Once you’ve decided that you’re ready to begin the process of recovery, you have already taken an important first step toward becoming a healthier, happier person. If you’re looking forward to recovery and are feeling that your end goal is a million miles away however, know that the process of quitting addiction is not a single leap, but a series of small, manageable steps. Know that you can succeed with your addiction recovery by focusing on individual, manageable accomplishments, until you have met your final goal.
Step One: Decide to Change
The first step to addiction recovery is deciding that you need to change your behavior. If you have made this decision, keep your motivation in the front of your mind. Whether you want to be a better parent for your child or just want to feel healthier and happier day to day for yourself, hold onto your motivation and be proud that you have committed to positive change.
Step Two: Find Help
No one expects you to manage your addiction and recovery on your own. Professional treatment facilities, counselors, and support groups are available to help those who have committed to recovery. Spend time researching different treatment options and be sure to select the one that meets your needs from a time, location, intensity, financial, and addiction specialty perspective.
Step Three: Embrace the Support of Friends and Family
Let your friends and family know that you have set a goal to quit your addiction. With the support of your loved ones, you will have an important support system around you that will help you make continual progress. Understand that if you have friends and family in your life that share your addiction, but not your commitment to recovery, you will need to be sure that your support network includes a number of sober individuals. These are the supporters that you will need to turn to when you are feeling tempted by your addiction. Those who are not ready to commit to a similar recovery plan may be unable to support you in the way that you need.
Step Four: Retrain Your Brain
Your recovery plan will need to include the development of new habits and ways of thinking to replace your behavior of addiction. For example, if you previously turned to your addiction on days when you were feeling frustrated, overwhelmed, depressed, or sad, you will need to retrain your brain to manage these feelings with a different type of coping behavior. Perhaps meditation, or the help of a support group member could fill the void where your addiction used to reside.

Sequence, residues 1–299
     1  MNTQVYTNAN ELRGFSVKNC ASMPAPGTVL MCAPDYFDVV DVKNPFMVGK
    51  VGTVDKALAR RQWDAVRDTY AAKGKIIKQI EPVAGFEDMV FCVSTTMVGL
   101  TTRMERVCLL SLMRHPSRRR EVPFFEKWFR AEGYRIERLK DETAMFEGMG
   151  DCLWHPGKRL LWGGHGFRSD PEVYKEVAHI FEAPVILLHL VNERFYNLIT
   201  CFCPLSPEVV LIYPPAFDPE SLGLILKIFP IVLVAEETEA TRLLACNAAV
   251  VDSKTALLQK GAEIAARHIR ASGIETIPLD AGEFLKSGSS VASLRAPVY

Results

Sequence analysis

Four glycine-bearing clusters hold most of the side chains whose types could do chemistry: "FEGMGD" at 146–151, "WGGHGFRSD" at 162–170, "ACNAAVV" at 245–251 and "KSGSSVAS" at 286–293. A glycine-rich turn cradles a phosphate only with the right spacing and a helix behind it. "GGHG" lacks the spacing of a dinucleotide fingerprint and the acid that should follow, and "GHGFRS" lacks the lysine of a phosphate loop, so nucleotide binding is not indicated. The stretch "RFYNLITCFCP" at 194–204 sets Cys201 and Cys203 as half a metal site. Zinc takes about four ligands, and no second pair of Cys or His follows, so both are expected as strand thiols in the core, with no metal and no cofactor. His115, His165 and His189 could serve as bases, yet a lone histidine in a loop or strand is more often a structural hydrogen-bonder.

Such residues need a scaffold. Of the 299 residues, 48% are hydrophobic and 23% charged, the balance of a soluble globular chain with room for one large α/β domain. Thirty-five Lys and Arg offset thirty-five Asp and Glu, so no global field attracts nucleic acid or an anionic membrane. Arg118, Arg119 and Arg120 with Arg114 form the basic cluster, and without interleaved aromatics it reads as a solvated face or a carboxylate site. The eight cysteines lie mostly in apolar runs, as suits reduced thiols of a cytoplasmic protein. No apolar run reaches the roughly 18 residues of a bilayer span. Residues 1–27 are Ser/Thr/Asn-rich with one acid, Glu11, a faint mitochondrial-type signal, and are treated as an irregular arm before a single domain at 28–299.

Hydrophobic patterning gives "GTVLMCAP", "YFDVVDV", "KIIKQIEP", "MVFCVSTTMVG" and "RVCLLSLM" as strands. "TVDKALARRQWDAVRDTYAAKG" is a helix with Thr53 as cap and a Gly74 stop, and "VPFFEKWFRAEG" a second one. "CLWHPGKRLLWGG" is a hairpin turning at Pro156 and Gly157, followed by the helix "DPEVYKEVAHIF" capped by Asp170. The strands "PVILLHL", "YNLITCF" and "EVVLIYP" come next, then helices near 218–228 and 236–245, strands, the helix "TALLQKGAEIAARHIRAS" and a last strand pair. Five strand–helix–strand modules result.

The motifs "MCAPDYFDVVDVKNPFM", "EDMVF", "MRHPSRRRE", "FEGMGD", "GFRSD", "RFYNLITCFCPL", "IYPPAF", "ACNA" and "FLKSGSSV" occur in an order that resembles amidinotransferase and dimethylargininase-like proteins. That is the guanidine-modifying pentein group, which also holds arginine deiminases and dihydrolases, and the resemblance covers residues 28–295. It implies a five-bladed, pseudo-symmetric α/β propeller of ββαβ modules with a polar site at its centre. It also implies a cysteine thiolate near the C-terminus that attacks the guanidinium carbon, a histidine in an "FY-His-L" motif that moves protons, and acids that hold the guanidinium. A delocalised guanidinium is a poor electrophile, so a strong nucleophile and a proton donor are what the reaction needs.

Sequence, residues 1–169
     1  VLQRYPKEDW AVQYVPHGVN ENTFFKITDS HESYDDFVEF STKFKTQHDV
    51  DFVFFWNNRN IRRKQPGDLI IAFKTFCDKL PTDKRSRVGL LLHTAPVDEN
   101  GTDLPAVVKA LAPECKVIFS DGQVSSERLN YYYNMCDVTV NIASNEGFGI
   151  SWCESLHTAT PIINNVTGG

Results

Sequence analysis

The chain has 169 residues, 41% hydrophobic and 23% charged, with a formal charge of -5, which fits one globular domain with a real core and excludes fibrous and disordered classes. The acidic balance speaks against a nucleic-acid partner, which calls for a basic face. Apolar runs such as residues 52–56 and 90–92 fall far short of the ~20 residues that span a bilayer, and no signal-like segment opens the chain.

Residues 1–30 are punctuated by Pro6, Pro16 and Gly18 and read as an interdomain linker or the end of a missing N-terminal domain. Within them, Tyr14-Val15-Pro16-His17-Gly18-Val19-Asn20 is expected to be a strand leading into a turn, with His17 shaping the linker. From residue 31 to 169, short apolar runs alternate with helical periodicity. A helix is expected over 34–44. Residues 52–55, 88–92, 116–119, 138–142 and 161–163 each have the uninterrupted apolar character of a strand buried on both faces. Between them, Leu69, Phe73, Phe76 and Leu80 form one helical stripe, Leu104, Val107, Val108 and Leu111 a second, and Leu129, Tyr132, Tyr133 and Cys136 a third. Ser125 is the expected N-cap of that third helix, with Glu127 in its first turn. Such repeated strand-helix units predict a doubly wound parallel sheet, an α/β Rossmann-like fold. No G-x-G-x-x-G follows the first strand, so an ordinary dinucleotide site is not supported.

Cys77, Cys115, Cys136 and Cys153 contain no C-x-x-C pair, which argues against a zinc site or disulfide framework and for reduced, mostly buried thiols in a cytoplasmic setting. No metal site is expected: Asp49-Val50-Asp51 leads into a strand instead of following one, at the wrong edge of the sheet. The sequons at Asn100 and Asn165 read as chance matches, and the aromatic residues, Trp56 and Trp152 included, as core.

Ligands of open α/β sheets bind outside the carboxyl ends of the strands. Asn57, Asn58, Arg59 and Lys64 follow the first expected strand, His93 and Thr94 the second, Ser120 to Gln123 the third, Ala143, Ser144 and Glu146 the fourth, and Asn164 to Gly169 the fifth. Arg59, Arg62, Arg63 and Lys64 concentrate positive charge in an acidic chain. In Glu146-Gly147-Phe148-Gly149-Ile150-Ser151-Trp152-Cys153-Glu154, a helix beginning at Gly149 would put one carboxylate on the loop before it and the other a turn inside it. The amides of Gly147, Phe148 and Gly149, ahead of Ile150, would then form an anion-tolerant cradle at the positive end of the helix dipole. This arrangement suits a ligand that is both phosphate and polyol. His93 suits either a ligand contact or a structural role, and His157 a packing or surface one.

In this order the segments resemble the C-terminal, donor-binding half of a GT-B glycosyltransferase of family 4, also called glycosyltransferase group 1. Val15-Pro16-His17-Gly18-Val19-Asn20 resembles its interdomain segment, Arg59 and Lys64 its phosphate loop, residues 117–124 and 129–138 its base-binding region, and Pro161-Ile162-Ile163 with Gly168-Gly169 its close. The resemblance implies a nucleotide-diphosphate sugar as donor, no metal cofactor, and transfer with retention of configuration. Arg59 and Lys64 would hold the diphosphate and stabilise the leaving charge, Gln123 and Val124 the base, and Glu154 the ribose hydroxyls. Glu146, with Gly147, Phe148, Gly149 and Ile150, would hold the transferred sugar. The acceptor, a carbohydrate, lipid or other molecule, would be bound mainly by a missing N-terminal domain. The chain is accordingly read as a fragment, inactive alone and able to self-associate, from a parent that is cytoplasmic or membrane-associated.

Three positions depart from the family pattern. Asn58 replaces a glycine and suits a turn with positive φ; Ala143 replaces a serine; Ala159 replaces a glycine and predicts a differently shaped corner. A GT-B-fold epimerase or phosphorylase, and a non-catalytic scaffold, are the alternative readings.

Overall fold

Step Five: Learn Avoidance Strategies
Do not be hard on yourself if even after the successful completion of your recovery plan, you still have moments of temptation. The best way to control temptation is to avoid the places, people, environments, and scenarios that leave you feeling most vulnerable to the cravings of your addiction. To help reduce your exposure to such triggers:
- Avoid places like bars, clubs, and parties where you previously frequently accessed and abused the substance of your addiction.
- Distance yourself from those individuals who have not also committed to recovery.
- Be honest with people in your life about your history of addiction. You should not feel ashamed to tell a new friend that you cannot go with him to happy hour because you are in the process of recovery. Be proud of the control you have over your addiction and accept the praise and support of those around you.
- It is especially important to be honest with your physician and any other health care providers so that they can properly support you and provide effective care. Your health history may impact prescription medications and treatment plans that your doctor prescribes to treat future medical conditions or illnesses.
Step Six: Fill Your Life with Positive Influences
Once you have removed your addiction from your life, you will have the time and space for new hobbies and friends. Use your new resources to get involved with a cause, organization, or activity that you enjoy and that supports your new, healthy lifestyle. Participation in an activity that brings you happiness will be an important aspect of your overall health and wellbeing; and individuals who maintain an overall healthier lifestyle are more likely to remain sober and less likely to relapse into their addiction.
Step Seven: Say I’m Sorry – to Yourself
Though this is the last step it is by no means the least important. In order to truly master your recovery, you must forgive yourself if you do have a setback. Instead of allowing your relapse to interrupt or halt your progress, use it as a learning experience. Contact your chosen recovery treatment center, program, or support group and allow them to help you re-engage your treatment plan and continue your path to recovery.
While addiction recovery is a huge accomplishment, it does not have to feel like a huge, unconquerable challenge. With the help of friends and loved ones who support your goals and believe in your will, and with the help of health care professionals in your community, you can make the journey to recovery in small, manageable and meaningful steps.
And you can always call our 24/7 hope line for help now.